You’ve been studying hard and you’ve kept your eye on the prize. Coding bootcamp was a challenge, but with a positive attitude and our assistance, you figured out the process and passed with flying colors. Now, it’s time to move on with your career plans, and that means finding a web developer job. You’re confident in your abilities, but how should you prepare for your job interviews? A good interview can make your career as surely as a bad one can break it, so it’s a good idea to have an idea of what sort of interview questions to expect.
In this guide, we go over some of the more common web developer interview questions and we offer suggestions on how to do your homework ahead of time so that you’ll be able to answer with confidence and provide the sort of feedback prospective employers need to hear. With our guidance, you’ll ace your interview and start earning some real money.
“Why Do You Want to Work as a Web Developer?”
Wanting to know your motivation for becoming a web developer might seem like a simple question, but you’ll hear a variation of it in most interviews. With good reason, too—employers want to hire folks who have understandable motivations and concrete career plans. It’s all too common for people to select a career path based on little more than name recognition and a vague notion of making a good living, and that sort of poorly thought-out decision-making makes a lousy impression on hiring managers.
Take the time to understand why you want to become a web developer. Before you head off to your interview, sit down and make a “pro and con” list. Pick out the “pros” that speak most strongly to you, whether it’s job satisfaction, problem-solving, or something entirely different. Then, boil them all down into one or two sentences and write them down. Once you’ve articulated your reasons for becoming a web developer to yourself, you’ll be able to rattle them off to the hiring manager, too.
“What are a Web Developer’s Responsibilities?”
Along with questions about why you decided to choose web development, you’ll often get asked about a web developer’s roles and duties. While the question might seem insulting to some, managers have a good reason for asking it. Ownership is a crucial part of successful employees, and the only way to have a stake in the final product is to have a firm idea of your part in making it come about. You’ll see this question in every interview.
Short, sweet, and to the point is the best way to handle any questions about web developer roles and responsibilities. As with the previous question, an excellent way to handle this one is to take a few minutes ahead of time to research and write down the typical responsibilities a developer can expect to have. Then, synthesize the information into a concise and descriptive sentence or two. You should have an answer ready to go when asked.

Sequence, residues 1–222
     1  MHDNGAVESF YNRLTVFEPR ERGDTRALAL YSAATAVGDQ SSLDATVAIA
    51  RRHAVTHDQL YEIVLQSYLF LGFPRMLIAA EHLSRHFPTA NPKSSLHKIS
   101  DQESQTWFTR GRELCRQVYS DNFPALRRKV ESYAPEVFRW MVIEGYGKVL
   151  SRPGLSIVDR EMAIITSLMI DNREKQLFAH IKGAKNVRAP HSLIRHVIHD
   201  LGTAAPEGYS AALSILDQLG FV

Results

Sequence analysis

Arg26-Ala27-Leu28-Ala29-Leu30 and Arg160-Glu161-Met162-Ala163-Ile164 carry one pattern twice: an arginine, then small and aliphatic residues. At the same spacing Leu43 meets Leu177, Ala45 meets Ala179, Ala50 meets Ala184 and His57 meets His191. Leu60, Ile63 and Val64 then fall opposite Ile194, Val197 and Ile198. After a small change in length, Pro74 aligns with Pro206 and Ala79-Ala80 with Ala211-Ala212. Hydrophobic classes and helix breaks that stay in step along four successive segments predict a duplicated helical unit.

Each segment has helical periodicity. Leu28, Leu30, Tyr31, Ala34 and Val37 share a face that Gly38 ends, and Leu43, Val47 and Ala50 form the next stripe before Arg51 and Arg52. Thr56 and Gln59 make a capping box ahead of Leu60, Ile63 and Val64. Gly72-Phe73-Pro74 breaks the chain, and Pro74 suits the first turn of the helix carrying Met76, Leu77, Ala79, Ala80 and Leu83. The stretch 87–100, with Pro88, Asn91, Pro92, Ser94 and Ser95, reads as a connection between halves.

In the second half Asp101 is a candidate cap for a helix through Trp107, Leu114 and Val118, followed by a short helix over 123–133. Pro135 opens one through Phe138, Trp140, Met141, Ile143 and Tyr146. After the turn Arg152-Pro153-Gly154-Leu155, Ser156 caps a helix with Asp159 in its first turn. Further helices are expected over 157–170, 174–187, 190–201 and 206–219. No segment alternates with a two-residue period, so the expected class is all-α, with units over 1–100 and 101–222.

“How Do You Balance Client Demands?”
Client management and communication is a large part of a web developer’s job. The goal is to produce web content that does what the client needs it to do while still maintaining realistic and achievable goals. Balancing client needs with reasonable expectations can be a tricky tightrope to walk, so your prospective employer will want to know how you manage these opposing forces. Your answer will give them insight into your thinking and flesh you out as a candidate.
Employers most want to know that you won’t allow either the client or the process to take priority. Your goal should be to meet client needs without compromising your coding. If you complete your work by a client-imposed deadline but produce buggy code, neither your employer nor the client will be happy. Make sure that your client is informed of progress at all times, and never allow tight deadlines to make shoddy coding acceptable. An answer along those lines will make your hiring manager smile.
And there you go. Plan on getting many more questions during a web developer interview, too, but the questions we’ve examined in our guide are almost guaranteed to show up. The better and more smoothly you answer these critical interview questions, the more likely you are to get hired and start earning, so study up and find a great job!